A few days ago, Pulster et al. published their article “Exposure Assessment of Ambient Sulfur Dioxide Downwind of an Oil Refinery in Curaçao” in the Journal of Environmental Protection. Considering public health, they conclude for instance:
,,Furthermore, both the 24-hour and annual mean concentrations of SO2 measured in Curaçao were within the ranges often associated with cardiovascular and respiratory effects and mortality as a result of short-term exposures. While the epidemiological evidence does not conclusively suggest there is a health risk from these levels of exposure, SO2 concentrations greatly exceed regulatory and guidance levels and suggest that further emissions control is warranted.”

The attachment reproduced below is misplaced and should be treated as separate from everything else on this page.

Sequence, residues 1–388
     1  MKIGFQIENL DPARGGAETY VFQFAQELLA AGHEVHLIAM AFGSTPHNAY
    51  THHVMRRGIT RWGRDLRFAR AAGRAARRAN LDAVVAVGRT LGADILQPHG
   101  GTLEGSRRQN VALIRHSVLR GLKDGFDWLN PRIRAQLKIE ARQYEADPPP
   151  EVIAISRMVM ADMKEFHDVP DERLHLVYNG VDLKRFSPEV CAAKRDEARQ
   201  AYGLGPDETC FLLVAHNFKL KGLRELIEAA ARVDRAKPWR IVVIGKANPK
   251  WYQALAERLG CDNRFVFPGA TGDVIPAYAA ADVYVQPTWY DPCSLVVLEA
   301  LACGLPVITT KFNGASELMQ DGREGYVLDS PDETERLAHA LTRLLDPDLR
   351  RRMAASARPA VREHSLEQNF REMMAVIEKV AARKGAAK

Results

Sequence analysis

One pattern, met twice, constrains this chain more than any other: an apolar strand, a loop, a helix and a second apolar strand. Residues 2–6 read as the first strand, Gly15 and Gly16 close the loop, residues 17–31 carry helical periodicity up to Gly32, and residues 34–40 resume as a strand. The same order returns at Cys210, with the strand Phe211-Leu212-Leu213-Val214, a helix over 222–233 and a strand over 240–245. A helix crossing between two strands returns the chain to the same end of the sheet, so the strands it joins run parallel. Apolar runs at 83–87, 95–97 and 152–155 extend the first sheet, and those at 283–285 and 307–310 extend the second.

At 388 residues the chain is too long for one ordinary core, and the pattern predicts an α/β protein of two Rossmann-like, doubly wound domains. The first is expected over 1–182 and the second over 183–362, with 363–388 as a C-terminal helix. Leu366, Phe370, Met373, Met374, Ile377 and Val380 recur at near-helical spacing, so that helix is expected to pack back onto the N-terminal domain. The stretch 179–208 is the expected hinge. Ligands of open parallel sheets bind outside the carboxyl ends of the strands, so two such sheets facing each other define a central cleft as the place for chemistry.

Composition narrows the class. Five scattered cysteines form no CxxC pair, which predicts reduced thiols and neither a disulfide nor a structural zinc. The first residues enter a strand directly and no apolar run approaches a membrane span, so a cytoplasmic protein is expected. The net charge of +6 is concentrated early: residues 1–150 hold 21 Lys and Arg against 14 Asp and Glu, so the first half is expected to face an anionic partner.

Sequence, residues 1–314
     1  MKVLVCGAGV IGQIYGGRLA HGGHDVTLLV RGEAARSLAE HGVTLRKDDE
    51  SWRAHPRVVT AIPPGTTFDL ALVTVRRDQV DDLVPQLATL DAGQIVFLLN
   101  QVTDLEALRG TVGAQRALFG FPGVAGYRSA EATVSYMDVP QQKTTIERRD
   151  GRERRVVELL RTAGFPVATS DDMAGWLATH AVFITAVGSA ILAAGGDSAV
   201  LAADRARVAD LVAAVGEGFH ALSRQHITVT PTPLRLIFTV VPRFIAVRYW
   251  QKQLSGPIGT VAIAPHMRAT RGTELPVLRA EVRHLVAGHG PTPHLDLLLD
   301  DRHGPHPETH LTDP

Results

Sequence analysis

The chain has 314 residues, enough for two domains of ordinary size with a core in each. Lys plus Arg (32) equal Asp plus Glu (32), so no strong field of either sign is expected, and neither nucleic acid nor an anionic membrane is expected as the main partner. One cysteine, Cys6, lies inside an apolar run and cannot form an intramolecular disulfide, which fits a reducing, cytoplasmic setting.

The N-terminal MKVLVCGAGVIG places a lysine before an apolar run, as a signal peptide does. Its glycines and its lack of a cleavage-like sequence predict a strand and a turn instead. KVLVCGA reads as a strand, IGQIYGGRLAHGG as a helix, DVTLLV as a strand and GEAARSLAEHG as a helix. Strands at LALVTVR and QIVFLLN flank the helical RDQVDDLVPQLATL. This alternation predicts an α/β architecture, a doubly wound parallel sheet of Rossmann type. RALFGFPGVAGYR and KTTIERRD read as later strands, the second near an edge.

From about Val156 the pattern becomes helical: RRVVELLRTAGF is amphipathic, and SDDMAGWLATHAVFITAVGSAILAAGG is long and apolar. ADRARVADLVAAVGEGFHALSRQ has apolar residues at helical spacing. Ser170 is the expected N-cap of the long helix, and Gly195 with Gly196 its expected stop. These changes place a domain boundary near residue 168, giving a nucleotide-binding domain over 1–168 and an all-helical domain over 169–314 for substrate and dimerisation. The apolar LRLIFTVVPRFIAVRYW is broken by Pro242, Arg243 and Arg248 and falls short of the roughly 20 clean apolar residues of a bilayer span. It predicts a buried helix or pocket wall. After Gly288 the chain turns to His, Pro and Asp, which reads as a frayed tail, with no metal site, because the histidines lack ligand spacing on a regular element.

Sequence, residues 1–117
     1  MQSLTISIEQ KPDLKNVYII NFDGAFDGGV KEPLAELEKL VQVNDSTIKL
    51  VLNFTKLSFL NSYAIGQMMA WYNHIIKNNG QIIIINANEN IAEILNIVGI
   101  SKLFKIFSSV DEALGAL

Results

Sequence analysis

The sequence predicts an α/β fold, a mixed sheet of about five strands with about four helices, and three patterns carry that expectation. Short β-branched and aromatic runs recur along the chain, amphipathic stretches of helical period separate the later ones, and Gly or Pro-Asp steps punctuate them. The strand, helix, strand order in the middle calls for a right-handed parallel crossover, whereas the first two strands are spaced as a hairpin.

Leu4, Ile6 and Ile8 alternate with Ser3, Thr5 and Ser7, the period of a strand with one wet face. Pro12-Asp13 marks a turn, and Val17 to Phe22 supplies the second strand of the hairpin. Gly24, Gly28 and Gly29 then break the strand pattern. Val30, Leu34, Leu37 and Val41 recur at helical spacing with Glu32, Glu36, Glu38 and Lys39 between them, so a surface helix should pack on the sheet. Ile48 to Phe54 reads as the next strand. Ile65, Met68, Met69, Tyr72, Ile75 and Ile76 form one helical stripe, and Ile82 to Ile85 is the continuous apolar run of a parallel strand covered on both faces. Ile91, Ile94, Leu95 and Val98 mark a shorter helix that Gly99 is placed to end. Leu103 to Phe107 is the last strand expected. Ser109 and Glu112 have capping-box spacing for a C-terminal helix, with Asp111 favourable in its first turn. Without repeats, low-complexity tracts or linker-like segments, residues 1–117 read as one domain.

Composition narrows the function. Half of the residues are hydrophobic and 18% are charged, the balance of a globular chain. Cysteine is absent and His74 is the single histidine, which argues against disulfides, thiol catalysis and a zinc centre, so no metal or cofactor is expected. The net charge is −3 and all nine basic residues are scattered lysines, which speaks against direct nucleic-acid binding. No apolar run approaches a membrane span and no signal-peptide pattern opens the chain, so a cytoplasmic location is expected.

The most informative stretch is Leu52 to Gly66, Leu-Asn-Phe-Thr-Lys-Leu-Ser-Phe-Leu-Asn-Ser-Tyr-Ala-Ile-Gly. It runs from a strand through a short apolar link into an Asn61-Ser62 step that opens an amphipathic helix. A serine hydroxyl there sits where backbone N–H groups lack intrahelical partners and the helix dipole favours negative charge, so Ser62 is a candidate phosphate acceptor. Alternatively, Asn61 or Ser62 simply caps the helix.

Here below you can read the abstract of their article. For the full text click here.
Primary sources of atmospheric sulfur dioxide are anthropogenic activities associated with the burning of fossil fuels and industrial processes that may have associations with various morbidities and mortalities. As such, several regional and global regulatory agencies have recommended ambient air limits to reduce environmental exposures. The objectives of this study were to evaluate ambient levels of sulfur dioxide surrounding an oil refinery on the island of Curaçao. Levels which were then compared to literature values and recommended public health guidelines to determine potential public health risks. Concentrations of sulfur dioxide in Curaçao were found to be among the highest globally with an increasing trend over time. While the epidemiological evidence does not conclusively suggest there is a health risk from these levels of exposure, SO2 concentrations greatly exceed regulatory and guidance levels and suggest that further emissions control is warranted. Future recommendations include a more rigorous epidemiological study in Curaçao and expand the air monitoring efforts to include areas upwind of the refinery as well as additional petrochemical emissions.